Ah—the holidays! Between projects, teaching, and performances, you may already be frantic. If you’re like most musicians, you may be trying to cross off to-do list items before getting to the travel and family (and more stress). It’s a good thing you can hit the re-set button.
Between the end of the semester and holiday onslaught, a teaching colleague used to call this period the bobsled to hell. It’s the time of year when I always wanted to hit the “pause” button so I could re-group, de-stress, and dial into my best self.
So in case you’re feeling overwhelmed or over-stressed, here’s the solution for musicians—how to hit the re-set button.
Take a moment right now and list what you are grateful for
It only takes a minute to think—or better yet, to say out loud—what specifically you’re grateful for. At this moment, I’m grateful to have this time to think about what ultimately matters and to be writing to you.
I’m also thankful for the recording of the Brahms sextet I heard this morning, the walk I took, and the lemon tea I drank. I’m grateful for the recent books I’ve read that have pushed me further along the path to becoming the person I intend to be. And I’m thankful for my clients and colleagues who have taught me so much—and in the process, expanded my life.
Try doing Grateful Flow now. Even Woody Allen does a version of this here in Manhattan:
Gratitude—it’s not for just one day a year
Here’s the deal. This really IS a re-set button. A way to get yourself out of overwhelm. Out of a slump of negative thinking. Out of a maze of worry and self-defeat.
Yep, it’s gratitude. Having a regular practice can bring you back to a positive frame of mind and from there, you get to choose how to move ahead. And over time, with regular practice, you’ll lower your overall stress level.
But of course, gratitude by itself won’t magically solve everything. This isn’t “believe in your dream and miracles happen.”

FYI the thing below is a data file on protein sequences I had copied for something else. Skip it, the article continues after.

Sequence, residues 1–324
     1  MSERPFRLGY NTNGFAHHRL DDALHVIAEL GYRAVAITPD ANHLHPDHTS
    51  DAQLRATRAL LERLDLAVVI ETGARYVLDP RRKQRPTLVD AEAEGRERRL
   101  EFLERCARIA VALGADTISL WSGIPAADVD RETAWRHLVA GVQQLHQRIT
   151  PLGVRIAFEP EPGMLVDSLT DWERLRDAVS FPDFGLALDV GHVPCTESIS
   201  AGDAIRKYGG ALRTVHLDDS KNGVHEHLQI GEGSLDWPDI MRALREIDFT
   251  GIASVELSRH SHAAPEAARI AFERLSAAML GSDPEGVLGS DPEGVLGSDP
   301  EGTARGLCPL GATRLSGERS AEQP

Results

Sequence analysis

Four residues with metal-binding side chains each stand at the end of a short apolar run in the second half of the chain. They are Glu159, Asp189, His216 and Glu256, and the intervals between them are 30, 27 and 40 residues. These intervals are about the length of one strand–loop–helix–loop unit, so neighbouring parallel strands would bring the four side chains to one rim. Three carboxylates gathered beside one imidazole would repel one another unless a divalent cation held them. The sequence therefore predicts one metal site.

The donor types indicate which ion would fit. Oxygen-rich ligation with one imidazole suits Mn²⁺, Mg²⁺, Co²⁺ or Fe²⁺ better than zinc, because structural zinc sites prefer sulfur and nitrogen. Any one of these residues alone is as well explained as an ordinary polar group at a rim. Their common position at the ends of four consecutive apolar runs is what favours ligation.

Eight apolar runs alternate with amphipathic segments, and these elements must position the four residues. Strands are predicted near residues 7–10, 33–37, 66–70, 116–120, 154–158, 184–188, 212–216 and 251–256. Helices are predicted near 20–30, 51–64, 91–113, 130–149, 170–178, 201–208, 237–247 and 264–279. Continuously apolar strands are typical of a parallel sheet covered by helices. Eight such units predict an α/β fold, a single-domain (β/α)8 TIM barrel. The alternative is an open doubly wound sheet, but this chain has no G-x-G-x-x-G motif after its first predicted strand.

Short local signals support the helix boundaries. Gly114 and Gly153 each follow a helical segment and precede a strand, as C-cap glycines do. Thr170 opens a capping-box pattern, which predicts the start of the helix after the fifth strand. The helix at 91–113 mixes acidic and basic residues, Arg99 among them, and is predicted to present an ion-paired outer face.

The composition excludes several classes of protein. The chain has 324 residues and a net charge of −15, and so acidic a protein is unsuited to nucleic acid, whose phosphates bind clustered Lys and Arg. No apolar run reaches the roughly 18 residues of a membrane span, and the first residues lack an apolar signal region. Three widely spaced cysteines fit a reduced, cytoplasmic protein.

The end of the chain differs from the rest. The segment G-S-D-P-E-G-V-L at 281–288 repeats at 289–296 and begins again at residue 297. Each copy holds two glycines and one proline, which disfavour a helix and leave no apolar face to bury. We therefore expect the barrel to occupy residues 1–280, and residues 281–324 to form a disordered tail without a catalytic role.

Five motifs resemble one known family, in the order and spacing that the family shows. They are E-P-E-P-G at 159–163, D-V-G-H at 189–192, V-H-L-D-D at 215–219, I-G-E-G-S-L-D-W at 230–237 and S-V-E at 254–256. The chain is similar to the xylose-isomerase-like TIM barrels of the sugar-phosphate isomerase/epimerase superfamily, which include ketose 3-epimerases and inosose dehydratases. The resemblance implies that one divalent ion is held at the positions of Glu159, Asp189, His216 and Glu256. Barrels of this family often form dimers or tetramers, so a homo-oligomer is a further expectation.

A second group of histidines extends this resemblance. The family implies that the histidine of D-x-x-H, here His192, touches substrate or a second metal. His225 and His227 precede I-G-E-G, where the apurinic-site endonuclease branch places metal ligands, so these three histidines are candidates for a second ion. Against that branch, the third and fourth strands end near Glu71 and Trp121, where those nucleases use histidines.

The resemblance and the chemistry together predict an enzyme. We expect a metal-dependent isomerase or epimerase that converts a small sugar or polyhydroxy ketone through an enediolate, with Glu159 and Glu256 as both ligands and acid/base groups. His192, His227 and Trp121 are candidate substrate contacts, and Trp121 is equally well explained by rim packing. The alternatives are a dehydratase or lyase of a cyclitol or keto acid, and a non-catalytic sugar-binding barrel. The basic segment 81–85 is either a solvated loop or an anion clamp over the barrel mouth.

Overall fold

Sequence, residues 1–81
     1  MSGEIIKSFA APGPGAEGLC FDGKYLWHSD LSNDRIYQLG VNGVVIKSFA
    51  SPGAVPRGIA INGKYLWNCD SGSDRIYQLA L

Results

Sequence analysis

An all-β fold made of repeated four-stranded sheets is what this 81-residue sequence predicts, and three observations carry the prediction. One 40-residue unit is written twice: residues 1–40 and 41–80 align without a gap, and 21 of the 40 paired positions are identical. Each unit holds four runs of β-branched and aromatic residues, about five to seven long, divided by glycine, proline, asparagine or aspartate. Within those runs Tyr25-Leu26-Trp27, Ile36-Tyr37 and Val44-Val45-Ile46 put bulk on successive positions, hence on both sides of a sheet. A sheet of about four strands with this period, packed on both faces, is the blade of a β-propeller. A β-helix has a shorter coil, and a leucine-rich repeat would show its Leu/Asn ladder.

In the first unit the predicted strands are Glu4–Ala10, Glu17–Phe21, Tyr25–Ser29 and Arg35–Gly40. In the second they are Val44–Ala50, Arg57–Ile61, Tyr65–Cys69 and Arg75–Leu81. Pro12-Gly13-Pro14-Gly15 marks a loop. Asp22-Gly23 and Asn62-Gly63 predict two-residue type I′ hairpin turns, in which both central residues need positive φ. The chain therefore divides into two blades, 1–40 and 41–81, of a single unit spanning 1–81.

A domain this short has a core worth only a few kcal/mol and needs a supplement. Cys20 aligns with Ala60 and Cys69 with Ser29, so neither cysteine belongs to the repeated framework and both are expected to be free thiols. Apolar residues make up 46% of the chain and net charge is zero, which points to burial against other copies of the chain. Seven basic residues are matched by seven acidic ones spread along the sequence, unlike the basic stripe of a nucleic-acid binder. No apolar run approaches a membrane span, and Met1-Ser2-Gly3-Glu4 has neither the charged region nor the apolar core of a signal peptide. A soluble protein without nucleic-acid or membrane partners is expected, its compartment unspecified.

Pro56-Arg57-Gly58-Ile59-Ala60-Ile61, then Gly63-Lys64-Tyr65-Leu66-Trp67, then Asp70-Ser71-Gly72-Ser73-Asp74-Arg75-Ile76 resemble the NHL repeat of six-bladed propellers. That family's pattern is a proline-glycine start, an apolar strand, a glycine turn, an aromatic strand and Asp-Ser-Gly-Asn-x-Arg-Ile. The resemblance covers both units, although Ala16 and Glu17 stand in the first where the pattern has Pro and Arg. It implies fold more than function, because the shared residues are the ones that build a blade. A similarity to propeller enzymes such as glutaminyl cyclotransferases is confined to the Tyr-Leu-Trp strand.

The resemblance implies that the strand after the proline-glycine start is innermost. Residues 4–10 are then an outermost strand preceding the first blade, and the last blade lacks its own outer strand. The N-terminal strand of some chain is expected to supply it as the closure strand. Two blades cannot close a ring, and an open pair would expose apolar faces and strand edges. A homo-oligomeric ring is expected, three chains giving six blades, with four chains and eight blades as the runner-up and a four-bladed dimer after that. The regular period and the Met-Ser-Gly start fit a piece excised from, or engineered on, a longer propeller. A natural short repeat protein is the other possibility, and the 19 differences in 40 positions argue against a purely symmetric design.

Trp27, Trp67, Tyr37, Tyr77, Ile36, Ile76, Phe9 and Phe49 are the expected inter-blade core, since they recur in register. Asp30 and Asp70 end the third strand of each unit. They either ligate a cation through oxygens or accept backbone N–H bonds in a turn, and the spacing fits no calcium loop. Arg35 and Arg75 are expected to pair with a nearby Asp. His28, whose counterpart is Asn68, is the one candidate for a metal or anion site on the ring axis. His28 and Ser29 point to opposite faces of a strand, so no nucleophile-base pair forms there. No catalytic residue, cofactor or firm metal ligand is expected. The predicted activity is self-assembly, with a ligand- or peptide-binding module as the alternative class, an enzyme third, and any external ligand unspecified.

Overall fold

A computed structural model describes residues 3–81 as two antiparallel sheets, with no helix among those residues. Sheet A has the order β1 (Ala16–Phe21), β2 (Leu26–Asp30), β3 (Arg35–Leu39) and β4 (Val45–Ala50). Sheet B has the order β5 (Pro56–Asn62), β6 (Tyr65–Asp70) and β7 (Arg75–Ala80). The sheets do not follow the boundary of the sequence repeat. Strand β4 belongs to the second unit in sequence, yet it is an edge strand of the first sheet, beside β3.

Being thankful alone won’t get you more performances or students, and won’t take away the work you need to do to grow your career. But it CAN get you in a frame of mind to deal positively with the challenges in front of you. It can shift you out of inertia, fear, or resentment, so you can take action.
I don’t know about you, but I don’t want to be fighting an uphill battle of doing my work in high-stress mode. I want to be coming from a place of positive problem-solving. Gratitude is the solution.
Here’s how the re-set button works
Gratitude can help you remember to bring your best self forward. And that can change how you interact with others. How you network, interview, audition, practice, and perform. Being grateful reminds us to be human. To park our egos at the curb and be kinder towards ourselves and our colleagues.
Don’t get me wrong: this isn’t about being a pushover. Being kind and compassionate doesn’t mean being a doormat. News flash: Music is a competitive profession. So . . .
Get clear about who you want to be
Have clear boundaries that reflect the respect you have for yourself, for others, and for the profession. You can be a clear and direct professional, a kind and compassionate pro, and someone others want to work with.
Or you can be competitive and distrusting, and an eventually, isolated musician. You have a choice.
And yes, you have to work at it.
And here are two other books I’ve just read that packed a wallop. Both of these are terrific for helping us re-think how we treat ourselves and our colleagues. Check out Jerry Colonna’s Reboot (and thank you, El, for putting me on to this!) and Parker Palmer’s A Hidden Wholeness. Both are excellent.
As we head into the holiday season, I’m wishing that you’ll take the time to practice gratitude. And in that space, ask yourself what do you want to make manifest in the new year.
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Here’s to your forward motion,
Dream Big, Plan Smart, Live Well